[chuck-users] Multiline Braille display

rjc at mit.edu rjc at mit.edu
Thu Aug 25 13:07:00 EDT 2011

Hmm, the GWP is a very low-resolution graphics display, but you still need a 
braille display to read text, unless you'll use a speech synthesizer.
The dimensions of the graphics display are 24 by 16. A braille cell is 2x8, 
so you'd get 12 characters across by two lines down if you used all the pins 
for displaying text. Really not much better than a one line display.
However, if your desire is to be able to see pictures, this seems like a 
good start; one-line braille displays cannot do this at all.

We're getting there, just extremely slowly.  When a true full page (full 
screen) tactile display does become available, it will most likely not use 
mechanically driven pins. It will use some sort of dynamically deformable 
material. Mechanically driven pins are way too expensive to produce 
(especially since the thing will never be mass produced), and fail too 

-- Rich

-----Original Message----- 
From: tempjayren at gmail.com
Sent: Thursday, August 25, 2011 1:47 AM
To: ChucK Users Mailing List
Subject: Re: [chuck-users] Multiline Braille display

and as promised, here is the research i've done on the multiline stuff.
the first product is indeed multiline, the gwp one, this second one the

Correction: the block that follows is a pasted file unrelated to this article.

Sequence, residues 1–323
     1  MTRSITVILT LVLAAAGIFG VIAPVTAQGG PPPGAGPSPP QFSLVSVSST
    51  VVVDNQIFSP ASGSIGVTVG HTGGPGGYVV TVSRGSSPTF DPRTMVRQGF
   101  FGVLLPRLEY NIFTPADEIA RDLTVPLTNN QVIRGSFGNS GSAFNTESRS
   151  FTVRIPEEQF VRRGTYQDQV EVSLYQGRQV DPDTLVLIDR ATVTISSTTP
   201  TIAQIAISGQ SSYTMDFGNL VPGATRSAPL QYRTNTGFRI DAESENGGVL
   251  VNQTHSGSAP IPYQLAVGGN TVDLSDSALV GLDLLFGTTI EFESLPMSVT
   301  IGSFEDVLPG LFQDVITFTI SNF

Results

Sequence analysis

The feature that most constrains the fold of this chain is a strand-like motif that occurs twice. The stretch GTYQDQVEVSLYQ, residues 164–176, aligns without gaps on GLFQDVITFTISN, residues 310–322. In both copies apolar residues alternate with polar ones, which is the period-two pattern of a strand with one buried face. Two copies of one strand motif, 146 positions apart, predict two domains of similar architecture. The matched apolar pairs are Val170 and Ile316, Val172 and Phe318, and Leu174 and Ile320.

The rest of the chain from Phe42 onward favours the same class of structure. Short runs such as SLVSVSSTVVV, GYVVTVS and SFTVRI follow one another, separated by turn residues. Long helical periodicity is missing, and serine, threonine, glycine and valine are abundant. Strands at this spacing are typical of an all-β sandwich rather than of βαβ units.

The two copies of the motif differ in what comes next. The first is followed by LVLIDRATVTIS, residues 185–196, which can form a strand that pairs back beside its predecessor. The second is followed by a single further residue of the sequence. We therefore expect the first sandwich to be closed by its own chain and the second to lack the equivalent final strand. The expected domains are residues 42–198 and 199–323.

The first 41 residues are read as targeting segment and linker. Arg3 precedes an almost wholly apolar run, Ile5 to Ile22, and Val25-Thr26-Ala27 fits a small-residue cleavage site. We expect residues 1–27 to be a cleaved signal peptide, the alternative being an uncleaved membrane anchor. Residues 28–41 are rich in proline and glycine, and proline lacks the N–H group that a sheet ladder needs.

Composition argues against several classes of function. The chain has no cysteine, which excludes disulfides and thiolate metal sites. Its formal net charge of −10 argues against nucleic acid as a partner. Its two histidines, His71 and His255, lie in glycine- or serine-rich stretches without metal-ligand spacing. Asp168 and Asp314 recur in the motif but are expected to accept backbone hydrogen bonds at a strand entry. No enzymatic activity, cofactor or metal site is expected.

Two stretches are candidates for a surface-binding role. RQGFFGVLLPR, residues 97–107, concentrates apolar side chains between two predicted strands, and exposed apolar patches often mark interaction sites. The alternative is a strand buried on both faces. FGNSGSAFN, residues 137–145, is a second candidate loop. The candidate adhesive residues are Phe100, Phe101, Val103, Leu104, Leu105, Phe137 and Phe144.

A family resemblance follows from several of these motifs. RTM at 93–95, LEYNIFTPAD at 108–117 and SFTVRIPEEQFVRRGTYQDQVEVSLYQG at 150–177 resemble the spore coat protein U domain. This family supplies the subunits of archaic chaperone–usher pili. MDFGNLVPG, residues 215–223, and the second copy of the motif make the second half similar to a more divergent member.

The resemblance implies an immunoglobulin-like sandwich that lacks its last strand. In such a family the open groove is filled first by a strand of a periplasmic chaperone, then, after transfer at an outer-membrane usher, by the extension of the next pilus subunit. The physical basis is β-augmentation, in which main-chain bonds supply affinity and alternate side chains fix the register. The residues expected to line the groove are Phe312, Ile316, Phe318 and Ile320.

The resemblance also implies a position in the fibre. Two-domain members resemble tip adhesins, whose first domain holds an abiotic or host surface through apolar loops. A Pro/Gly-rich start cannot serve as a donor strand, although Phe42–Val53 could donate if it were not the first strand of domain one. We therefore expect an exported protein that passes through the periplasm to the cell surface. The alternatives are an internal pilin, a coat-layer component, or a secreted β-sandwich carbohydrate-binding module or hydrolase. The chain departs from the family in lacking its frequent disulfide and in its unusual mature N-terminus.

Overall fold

modular braille display, i'm not so sure about this, though i believe it is.

--- snip ---
Graphic Window Professional (GWP)
Graphic Window Professional - Click to enlarge.
Graphic Window Professional: $10,990.00.
View a picture of the Graphic Window Professional.
Access to Graphics for the Blind
The GWP enables the blind user to touch graphical information on the
Windows desktop. The graphics are converted into tactile pictures of 24
x 16 tactile pins. GWP uses image processing methods to extract the most
important information. The tactile graphics vary dynamically in
real-time according to the changes on the screen.
Explore the World of Graphics
With the GWP, blind users can touch graphical information on the screen.
An observation frame can be moved around the screen using arrow keys.
The zoom function enlarges the display up to the most detailed view in
which one tactile pin on the tactile display corresponds to a single
pixel on the screen. For better orientation on the Windows desktop, the
GWP provides an orientation mode where the position of the tactile
matrix is displayed relative to the desktop. Furthermore, it is equipped
with an overview mode to display the whole contents of the desktop. The
functions of the GWP can be controlled by 8 user-definable function keys
and a shift key. The tactile patterns are displayed by the GWP software
on the screen for visual assistance.
Using GWP in the Training Situation
Especially during training, the GWP can be an important tool to teach
the concept and layout of Windows. Abstract concepts of Windows such as